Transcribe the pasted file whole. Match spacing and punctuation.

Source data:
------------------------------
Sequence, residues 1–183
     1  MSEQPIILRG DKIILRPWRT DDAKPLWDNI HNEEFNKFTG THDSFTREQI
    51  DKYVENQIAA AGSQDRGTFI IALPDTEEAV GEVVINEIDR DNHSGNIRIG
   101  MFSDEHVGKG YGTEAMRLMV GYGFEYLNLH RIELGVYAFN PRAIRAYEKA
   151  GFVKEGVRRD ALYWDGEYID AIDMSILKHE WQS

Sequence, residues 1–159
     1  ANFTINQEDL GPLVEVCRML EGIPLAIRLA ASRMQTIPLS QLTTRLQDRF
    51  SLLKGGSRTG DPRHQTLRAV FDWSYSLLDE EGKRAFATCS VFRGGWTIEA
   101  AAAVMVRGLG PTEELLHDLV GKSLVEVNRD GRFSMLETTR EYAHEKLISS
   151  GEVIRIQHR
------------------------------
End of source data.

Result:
Sequence, residues 1–183
     1  MSEQPIILRG DKIILRPWRT DDAKPLWDNI HNEEFNKFTG THDSFTREQI
    51  DKYVENQIAA AGSQDRGTFI IALPDTEEAV GEVVINEIDR DNHSGNIRIG
   101  MFSDEHVGKG YGTEAMRLMV GYGFEYLNLH RIELGVYAFN PRAIRAYEKA
   151  GFVKEGVRRD ALYWDGEYID AIDMSILKHE WQS

Sequence, residues 1–159
     1  ANFTINQEDL GPLVEVCRML EGIPLAIRLA ASRMQTIPLS QLTTRLQDRF
    51  SLLKGGSRTG DPRHQTLRAV FDWSYSLLDE EGKRAFATCS VFRGGWTIEA
   101  AAAVMVRGLG PTEELLHDLV GKSLVEVNRD GRFSMLETTR EYAHEKLISS
   151  GEVIRIQHR